Reagan was not the first media celebrity to win high political office. Hollywood song-and-dance man George Murphy won election to the US Senate from California in 1964, and Western-swing radio star and Hillbilly Flour salesman Lee "Pappy" O’Daniel was a Texas governor and US senator in the ’30s and ’40s. But Reagan was by far the most successful. And his success derived from the fact that, unlike most celebrity politicians, he had a coherent political philosophy and a rationale for his candidacy that transcended the fact of his own celebrity.

While Reagan was hardly an intellectual, he was, as his biographer Lou Cannon has long argued, a thinker. The very process of re-examining his old political beliefs and casting about for new ones in midlife distinguishes him from most politicians of his era. Reagan emerged from this process with a set of unshakable core beliefs about individual liberty and the role of government that were not popular at the time, but which he was determined to popularize.

The core of the Reagan philosophy was a Goldwater-like near-libertarianism — a belief that government is almost always an intrusive force rather than a force for good. As he famously insisted during his first inaugural address: "Government is not the solution to our problem; government is the problem."

Onto that quasi-libertarian stock, Reagan grafted a muscular and assertive patriotism; a set of conventional social mores that he extolled but did not always practice; a sentimental affection for an idealized American past; and an unapologetic optimism about the boundless American future. The resulting combination may have seemed simplistic to some, but it was an authentic American political voice. It also set Reagan at odds with the moderate Republican establishment, the GOP of Nelson Rockefeller, Richard Nixon, Gerald Ford, and George Bush père.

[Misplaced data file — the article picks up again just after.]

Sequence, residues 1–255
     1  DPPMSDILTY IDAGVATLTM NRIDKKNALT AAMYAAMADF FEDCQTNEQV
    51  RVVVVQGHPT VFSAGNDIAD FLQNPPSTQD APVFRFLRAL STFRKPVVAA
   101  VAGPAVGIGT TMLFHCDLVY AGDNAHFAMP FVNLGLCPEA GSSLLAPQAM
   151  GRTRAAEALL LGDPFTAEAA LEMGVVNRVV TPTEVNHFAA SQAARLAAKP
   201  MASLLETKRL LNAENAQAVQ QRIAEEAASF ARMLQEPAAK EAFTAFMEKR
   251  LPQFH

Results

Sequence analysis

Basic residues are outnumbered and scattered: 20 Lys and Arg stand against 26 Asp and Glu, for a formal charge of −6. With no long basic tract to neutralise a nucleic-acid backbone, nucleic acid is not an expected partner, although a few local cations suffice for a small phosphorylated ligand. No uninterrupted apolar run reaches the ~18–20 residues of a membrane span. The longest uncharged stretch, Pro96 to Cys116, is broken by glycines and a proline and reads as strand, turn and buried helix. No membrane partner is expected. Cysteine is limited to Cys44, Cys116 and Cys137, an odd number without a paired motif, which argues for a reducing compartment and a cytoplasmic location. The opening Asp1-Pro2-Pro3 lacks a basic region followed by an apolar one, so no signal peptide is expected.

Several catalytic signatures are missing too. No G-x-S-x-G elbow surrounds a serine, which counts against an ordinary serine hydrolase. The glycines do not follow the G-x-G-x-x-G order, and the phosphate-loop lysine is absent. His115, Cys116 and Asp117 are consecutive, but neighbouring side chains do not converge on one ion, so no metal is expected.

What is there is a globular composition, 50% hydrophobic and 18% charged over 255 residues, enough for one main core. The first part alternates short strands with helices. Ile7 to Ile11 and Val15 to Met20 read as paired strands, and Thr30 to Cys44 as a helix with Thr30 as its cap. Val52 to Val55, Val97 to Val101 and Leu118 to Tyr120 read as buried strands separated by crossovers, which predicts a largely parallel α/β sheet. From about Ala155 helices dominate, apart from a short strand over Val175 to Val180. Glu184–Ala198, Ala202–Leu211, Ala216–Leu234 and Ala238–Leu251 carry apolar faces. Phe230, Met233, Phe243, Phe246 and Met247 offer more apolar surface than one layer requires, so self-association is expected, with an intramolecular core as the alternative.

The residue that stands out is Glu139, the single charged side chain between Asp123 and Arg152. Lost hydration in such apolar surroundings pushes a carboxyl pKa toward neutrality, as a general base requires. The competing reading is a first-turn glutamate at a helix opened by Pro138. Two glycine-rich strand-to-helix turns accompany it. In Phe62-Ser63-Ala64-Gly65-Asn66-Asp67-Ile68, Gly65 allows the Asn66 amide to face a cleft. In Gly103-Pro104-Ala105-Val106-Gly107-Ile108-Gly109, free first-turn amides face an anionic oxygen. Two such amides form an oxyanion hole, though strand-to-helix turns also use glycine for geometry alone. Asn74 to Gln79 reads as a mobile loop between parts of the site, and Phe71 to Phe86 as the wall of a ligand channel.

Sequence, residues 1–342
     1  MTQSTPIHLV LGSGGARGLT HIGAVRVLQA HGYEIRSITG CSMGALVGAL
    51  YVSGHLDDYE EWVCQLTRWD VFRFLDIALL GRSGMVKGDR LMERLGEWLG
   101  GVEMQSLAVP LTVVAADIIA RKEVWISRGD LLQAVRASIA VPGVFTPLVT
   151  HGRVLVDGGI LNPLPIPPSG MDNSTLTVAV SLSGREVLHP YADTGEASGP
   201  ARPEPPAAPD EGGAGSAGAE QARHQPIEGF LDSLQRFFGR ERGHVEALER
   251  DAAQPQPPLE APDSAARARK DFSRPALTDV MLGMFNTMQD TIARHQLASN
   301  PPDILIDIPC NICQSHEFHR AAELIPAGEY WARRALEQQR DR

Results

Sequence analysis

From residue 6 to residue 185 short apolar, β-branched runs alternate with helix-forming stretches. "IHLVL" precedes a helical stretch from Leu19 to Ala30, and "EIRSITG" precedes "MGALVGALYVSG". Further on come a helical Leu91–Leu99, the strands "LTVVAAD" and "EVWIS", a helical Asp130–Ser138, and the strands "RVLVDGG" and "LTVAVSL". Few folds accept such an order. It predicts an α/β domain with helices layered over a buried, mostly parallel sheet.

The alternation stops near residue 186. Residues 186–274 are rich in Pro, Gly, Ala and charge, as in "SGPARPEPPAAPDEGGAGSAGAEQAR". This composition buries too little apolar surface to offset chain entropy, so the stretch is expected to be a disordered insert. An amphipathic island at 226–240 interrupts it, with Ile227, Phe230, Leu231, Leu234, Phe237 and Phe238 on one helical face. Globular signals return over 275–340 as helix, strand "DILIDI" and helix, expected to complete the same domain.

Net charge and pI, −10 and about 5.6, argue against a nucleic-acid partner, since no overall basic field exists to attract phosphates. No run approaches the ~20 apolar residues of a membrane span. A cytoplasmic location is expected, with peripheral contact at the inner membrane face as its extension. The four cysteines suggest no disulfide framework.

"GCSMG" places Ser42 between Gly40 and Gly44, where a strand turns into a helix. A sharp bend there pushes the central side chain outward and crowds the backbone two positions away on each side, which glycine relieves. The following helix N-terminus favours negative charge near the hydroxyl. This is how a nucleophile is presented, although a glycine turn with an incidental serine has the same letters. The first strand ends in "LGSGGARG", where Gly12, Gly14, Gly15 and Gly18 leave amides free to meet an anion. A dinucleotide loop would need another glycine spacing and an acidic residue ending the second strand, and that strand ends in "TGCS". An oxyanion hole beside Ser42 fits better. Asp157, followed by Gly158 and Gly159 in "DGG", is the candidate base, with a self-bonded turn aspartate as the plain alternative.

Nixon defeated Reagan easily in his 1968 run for the White House, and Ford did so with considerably more difficulty in 1976. But come 1980, Reagan ate George H.W. Bush’s lunch in the primaries and — after flirting with, but eventually rejecting, a deal that would have returned Ford to the vice-presidency as a sort of regent for foreign policy — chose Bush as his running mate. The price for Bush: renouncing his support for abortion rights and mainstream economic policy, and therefore his standing as a reliable GOP moderate.

Reagan’s victory over Jimmy Carter in the 1980 general election was accompanied by the Republicans’ unexpected takeover of the Senate, raising expectations on both sides of the aisle. House Speaker Thomas P. O’Neill, speaking for congressional Democrats, welcomed Reagan but warned him that in Washington the politicians "play hardball." Reagan, as it turned out, could handle big-league pitching.

The president’s relationship with O’Neill become a key element of his political persona. He cultivated a "six-o’clock friendship" with the Speaker, insisting that their partisan differences should not stand in the way of comradeship after working hours. O’Neill warily went along, and Reagan made much of the men’s friendship, especially their shared Irish heritage. But this was nothing if not good politics: it implied that Reagan had little use for base partisanship, when in fact nothing could have been further from the truth.

Reagan was a truly intense Republican partisan, but one who — like Bill Weld a few years later — was able to use affability, good humor, and self-deprecation to mask his partisanship. Even more than Weld, Reagan could affect an Everyman image; his 1983 visit to the Eire Pub, in Adams Village, remains a piece of Dorchester legend.

And Reagan’s jokes at his own expense were genuinely endearing — "They say hard work never killed anyone, but why take a chance?" — even as they obscured the extent to which his administration was engaged in partisan warfare of the fiercest sort. He got the better of those battles in the first two years, pushing through tax cuts and a budget plan that took direct aim at Lyndon Johnson’s Great Society programs.

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Issue Date: June 11 - 17, 2004